Heidi is Assistant Professor of International History in the History Department of the University of British Columbia, Vancouver. She is also Visiting Fellow at the Center for History and Economics at Harvard University. She is an affiliate of the Science and Technology Studies Graduate Program and the Science Languages Initiative at UBC as well as the Minda da Gunzburg Center for European Studies at Harvard University, and a non-resident fellow at the German Marshall Fund of the United States. She was a visiting fellow at the ‘Reluctant Internationalists’ project in 2016, as well as at the Centre for Contemporary History in Potsdam. Besides academic publications, Heidi’s work has appeared in Foreign Affairs, The Atlantic, Wired, Der Tagesspiegel, Frankfurter Allgemeine Zeitung and the Nieman Report. Her dissertation received the Herman E. Krooss Prize for best dissertation in business history.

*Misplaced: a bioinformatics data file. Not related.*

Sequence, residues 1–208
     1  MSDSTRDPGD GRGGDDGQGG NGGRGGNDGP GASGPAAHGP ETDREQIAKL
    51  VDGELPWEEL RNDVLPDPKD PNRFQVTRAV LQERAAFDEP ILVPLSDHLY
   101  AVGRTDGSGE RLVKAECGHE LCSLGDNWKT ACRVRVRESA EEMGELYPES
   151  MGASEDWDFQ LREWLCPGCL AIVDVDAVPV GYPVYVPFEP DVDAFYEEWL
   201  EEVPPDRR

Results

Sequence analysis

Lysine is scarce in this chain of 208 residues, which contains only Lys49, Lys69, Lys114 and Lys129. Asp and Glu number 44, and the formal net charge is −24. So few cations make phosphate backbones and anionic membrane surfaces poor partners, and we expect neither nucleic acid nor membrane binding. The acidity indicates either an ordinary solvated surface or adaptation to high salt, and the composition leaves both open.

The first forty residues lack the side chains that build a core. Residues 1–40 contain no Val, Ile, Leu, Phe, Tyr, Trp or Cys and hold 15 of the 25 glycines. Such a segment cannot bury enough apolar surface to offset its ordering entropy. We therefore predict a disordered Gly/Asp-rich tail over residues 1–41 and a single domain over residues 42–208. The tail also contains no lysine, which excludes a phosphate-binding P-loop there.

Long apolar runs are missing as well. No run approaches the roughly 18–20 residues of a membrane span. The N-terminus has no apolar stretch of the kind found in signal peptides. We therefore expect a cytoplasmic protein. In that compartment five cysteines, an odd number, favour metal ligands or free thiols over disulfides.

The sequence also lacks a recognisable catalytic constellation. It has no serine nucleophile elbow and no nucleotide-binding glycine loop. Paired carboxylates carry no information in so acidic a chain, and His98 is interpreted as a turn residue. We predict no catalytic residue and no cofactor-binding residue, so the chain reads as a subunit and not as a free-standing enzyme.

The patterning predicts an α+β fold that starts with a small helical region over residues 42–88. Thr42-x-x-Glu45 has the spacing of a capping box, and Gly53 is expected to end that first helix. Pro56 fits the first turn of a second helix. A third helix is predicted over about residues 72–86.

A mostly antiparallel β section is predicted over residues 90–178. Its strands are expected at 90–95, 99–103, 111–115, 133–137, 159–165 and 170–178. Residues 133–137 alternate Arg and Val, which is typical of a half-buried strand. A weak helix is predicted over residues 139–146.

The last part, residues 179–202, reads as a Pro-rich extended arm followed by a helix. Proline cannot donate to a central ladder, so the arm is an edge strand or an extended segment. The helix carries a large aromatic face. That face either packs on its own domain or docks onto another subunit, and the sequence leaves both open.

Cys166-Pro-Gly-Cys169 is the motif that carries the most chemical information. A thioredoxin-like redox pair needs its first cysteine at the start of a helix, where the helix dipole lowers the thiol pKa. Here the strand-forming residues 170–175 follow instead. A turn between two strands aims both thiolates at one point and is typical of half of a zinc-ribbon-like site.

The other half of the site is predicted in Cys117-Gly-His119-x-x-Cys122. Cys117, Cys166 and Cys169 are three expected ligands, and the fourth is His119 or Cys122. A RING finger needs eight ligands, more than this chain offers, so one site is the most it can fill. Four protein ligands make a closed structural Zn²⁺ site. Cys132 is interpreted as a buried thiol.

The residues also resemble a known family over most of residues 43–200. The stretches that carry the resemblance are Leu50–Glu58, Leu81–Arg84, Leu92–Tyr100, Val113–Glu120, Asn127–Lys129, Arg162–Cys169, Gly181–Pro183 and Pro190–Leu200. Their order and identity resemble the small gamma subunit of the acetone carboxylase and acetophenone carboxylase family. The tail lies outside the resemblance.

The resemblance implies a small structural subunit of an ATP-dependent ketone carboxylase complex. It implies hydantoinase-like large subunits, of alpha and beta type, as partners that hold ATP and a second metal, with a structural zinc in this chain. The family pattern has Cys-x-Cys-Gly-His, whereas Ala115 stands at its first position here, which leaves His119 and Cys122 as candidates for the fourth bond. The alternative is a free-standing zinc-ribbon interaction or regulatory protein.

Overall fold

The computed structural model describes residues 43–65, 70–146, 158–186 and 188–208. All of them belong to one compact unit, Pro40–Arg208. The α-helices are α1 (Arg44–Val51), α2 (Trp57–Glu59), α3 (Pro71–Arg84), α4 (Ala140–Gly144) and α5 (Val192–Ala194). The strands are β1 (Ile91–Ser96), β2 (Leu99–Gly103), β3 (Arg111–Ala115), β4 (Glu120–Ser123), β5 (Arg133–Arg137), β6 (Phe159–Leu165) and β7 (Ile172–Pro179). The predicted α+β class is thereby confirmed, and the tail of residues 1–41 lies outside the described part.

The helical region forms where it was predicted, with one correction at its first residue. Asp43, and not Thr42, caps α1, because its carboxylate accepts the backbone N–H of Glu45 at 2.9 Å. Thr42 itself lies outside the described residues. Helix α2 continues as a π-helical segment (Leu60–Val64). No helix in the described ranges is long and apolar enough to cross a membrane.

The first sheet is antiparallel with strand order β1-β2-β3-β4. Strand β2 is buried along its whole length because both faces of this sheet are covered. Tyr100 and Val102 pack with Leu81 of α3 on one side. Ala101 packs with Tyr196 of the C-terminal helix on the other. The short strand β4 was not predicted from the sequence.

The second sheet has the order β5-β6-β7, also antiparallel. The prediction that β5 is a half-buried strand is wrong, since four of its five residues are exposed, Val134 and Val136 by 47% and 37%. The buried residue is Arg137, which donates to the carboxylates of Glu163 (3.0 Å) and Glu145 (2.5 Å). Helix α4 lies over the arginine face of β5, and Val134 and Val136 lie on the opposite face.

Heidi’s research addresses three major facets of internationalism: communications, international organisations, and health. Her work on communications examines the infrastructures and content of international media. She is currently completing her first book on the history of how German elites sought to control world communications in the first half of the twentieth century. Second, she seeks to provide resources for researching and teaching the history of international organisations. She manages the United Nations History Project website, one of the leading academic websites on the history of international organisations. Her new project explores the history of health communications. While the history of international medicine has focused on treatment, this project examines how health communications and information became just as important for trying to stop the flow of disease across borders.